It seems a crisis is looming over the passing of the new law for the Iraqi parliamentary elections 2010. Sunni Arabs, Shii Arabs and Kurds are all accusing each other of sabotaging progress. The Iraqi parliament on 8 November cleared a major hurdle when it managed to pass an amended law for the new parliamentary elections which appeared to settle the allocation of votes in the disputed oil-rich city of Kirkuk, which Kurds seek to incorporate within their semi-independent region. The Kurdish-Arab dispute had hindered holding provincial elections in Kirkuk in January 2009.
The Iraqi constitution obliges the central government to hold a referendum in the Kurdish-populated areas of four Iraqi governorates in northern Iraq (including Ta’mim whose capital is Kirkuk) to determine whether they should remain under Baghdad's control or become part of the KRG. But even before that takes place, the constitution commits Iraqi government to reverse Saddam's "Arabization" policies in these areas, which is taken to mean moving Arabs out and bringing Kurds in. The Iraqi government has postponed the referendum, originally due in 2007, several times for fear of sparking a civil war between Kurds and Arabs and disrupting oil production. The Arab-Kurdish conflict over land, oil, the budget and other issues is seen one of the main problems hindering political progress and greater security in Iraq.
Another contentious issue which has emerged in the past few weeks was whether Iraqi voters should vote on the basis of “open lists” in which voters choose candidates directly or “closed list” in which they vote for parties. Iraqis favour the open list after experimenting with this mechanism in the January 2009 provincial elections. Open lists have been deemed more democratic and are consequently being implemented.
Nevertheless, efforts to pass a new law to hold the next parliamentary elections on time, in January 2010, have not been successful. On 8 November, the Sunni vice-president Tariq al-Hashimi vetoed the amended election law, asking the quota of reserved seats voted in by exiled and minority voters to be increased from five percent to fifteen percent on the basis that there are thought to be 4 million exiled Iraqis and the Iraqi constitution allocates one deputy per 100,000 Iraqis. Iraqi nationalists, like former Prime Minister Ayad Allawi, Salih al-Mutlaq, and the former parliament speaker Mahmud al-Mishadani welcomed al-Hashimi’s intervention and expressed their objection to the new law. Al-Hashimi’s veto was also welcomed by the Kurdish parties who had complained that the five percent quota for minority seats should be raised to fifteen percent in the hope that increased quotas would confer an advantage on their allies among the Shabak and Yazidis minorities in Kurdish Iraq, who have typically been represented by leaders hostile to the Kurdish majority parties.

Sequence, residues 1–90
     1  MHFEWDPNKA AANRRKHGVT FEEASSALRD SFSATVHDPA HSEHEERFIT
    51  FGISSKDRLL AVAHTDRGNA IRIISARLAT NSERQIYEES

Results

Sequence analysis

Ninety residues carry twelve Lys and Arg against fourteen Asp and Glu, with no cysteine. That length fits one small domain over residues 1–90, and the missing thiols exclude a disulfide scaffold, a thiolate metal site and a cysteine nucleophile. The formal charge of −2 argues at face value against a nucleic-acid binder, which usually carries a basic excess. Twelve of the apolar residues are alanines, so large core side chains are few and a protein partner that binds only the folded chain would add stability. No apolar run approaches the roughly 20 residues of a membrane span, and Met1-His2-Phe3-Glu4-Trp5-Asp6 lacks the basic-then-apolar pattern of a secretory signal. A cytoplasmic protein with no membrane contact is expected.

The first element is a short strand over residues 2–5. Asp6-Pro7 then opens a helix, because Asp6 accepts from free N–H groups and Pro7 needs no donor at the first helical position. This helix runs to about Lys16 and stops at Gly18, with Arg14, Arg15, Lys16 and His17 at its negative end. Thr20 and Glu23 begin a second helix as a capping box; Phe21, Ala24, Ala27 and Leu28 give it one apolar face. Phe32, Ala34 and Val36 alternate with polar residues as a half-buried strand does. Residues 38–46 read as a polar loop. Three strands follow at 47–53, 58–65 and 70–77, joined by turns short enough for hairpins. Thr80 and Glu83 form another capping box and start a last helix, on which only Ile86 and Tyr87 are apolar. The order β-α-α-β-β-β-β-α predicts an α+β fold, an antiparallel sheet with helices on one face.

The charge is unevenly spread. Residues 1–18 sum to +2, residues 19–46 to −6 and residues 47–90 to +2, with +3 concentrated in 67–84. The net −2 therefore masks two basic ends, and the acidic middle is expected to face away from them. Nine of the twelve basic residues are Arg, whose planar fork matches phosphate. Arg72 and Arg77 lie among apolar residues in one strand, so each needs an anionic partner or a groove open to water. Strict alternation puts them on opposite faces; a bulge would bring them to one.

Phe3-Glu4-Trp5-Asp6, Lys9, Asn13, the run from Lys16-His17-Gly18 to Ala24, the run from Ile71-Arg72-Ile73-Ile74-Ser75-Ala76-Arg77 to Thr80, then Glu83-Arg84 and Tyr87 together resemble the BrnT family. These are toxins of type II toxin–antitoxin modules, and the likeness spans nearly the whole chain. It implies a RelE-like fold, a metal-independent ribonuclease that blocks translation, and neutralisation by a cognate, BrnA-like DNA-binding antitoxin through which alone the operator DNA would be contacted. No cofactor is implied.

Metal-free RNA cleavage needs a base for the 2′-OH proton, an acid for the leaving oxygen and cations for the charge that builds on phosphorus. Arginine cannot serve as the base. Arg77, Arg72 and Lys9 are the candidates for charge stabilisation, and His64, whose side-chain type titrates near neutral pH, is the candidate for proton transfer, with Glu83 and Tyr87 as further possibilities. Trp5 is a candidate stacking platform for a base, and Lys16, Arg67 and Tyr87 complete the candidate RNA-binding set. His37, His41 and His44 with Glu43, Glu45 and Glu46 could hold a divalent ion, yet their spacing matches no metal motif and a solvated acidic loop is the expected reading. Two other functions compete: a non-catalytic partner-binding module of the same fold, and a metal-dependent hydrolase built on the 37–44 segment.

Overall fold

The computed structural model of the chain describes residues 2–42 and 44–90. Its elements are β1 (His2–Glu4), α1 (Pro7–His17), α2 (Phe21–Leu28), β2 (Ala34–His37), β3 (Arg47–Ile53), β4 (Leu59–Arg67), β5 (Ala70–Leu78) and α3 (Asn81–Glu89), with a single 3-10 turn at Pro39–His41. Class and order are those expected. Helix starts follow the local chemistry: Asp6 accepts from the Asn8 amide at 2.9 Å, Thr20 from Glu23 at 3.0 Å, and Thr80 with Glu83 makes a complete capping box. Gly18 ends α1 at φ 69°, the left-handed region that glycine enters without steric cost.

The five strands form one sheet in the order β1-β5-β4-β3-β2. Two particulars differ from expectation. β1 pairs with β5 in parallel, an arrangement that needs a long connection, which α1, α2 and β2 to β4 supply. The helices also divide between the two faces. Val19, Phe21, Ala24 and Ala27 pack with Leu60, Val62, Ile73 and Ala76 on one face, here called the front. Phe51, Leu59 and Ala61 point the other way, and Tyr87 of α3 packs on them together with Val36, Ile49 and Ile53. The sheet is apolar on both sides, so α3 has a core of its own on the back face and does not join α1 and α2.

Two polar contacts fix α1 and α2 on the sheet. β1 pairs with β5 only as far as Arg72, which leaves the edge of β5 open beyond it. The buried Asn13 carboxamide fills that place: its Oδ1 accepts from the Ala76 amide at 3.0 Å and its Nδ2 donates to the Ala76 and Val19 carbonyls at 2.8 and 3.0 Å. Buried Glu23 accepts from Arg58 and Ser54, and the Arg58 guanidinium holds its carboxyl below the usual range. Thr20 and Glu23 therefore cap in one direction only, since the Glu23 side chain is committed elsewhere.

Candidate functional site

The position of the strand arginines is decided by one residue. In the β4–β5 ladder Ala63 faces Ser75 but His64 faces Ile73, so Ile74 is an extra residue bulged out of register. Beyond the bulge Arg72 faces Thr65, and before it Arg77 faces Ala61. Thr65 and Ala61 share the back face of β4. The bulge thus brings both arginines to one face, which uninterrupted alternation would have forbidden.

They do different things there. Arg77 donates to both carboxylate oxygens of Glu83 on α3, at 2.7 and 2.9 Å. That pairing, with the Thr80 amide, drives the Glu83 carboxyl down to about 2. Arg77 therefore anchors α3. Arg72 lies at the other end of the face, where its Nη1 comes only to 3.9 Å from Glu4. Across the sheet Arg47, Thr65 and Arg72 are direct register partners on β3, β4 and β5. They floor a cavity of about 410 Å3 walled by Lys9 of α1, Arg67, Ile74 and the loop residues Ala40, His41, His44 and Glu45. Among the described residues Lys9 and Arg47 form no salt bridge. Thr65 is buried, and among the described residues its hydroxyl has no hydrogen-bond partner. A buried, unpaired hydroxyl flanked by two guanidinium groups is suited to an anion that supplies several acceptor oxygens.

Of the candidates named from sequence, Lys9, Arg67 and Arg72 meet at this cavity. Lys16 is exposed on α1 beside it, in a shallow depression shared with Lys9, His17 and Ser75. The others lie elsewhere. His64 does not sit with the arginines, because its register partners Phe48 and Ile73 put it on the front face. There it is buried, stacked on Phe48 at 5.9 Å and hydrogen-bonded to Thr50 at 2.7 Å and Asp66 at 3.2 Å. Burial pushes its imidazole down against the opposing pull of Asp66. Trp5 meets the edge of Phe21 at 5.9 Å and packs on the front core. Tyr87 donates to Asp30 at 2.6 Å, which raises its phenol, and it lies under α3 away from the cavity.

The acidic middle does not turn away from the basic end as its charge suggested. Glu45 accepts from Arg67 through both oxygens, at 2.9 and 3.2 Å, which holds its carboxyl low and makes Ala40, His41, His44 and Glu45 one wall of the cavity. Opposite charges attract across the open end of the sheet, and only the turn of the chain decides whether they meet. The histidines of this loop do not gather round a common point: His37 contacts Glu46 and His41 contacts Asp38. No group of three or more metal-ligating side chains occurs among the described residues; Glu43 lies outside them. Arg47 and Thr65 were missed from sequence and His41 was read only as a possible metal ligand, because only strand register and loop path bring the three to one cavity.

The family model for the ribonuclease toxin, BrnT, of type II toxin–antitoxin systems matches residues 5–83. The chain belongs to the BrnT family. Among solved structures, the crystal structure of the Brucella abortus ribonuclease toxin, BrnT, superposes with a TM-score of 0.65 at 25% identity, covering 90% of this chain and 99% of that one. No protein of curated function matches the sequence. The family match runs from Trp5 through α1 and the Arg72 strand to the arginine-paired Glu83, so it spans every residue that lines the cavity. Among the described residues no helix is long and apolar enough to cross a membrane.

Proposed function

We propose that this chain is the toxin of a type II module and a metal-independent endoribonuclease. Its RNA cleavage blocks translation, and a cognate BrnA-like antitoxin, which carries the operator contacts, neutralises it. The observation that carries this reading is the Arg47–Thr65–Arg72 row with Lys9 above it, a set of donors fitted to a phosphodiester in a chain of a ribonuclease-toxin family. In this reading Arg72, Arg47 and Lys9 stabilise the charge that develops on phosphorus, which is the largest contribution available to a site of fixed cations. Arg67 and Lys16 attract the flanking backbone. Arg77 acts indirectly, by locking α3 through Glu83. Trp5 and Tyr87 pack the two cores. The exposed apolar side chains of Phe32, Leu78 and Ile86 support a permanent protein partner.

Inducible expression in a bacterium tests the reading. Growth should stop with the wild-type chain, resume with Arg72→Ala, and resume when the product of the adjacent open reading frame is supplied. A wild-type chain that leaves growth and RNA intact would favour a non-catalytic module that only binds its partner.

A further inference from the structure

After two days of failed talks, the Iraqi parliament on 23 November disregarded a veto by al-Hashemi and approved new amendments which are widely seen as likely to be held-up by a second veto from al-Hashimi. The new amendments increased the number of parliamentary seats for the Kurds at the expense of the Sunni Arabs in the north, mainly in Nineveh. The change was a victory for Kurds who threatened they would boycott the elections if their demand for increasing their provinces’ representation in parliament was not met. The Kurdish and Shiite Islamist parties have agreed on this, but on the issue of Kirkuk the Sunni and Shii Arabs remain united against the Kurds.
Sunnis and nationalists have complained the amendments negatively affect their interests and have attacked the Shi’ite Islamists who supported them. US and UN diplomats have tried frantically but failed to broker a compromise between Hashemi and Shi’ite MPs who accused him of trying to bolster Sunnis’ chances by raising a quota for Iraqis living abroad.
Although Al-Hashimi was legally entitled to veto the first bill, the use of his veto has turned out to be a tactical mistake. The veto, intended to increase Sunni Arab participation in the election, instead appeared to have united Shiis and Kurds, further alienating the Sunni population. By introducing new amendments, the Shiis and Kurds have enraged greater number of Sunnis who feel they are the only constituency to be disenfranchised. Al-Hashimi’s veto reinforced divisions which had previously threatened to plunge the country into civil war, raising the likelihood that Sunnis will turn to non-parliamentary means to gain political power. If the new amendments get vetoed by al-Hashimi again and the bill’s supporters in the Iraqi parliament manage to form a three-fifths majority, an increasingly hostile sectarian atmosphere will form an unforgiving backdrop to the next parliamentary elections.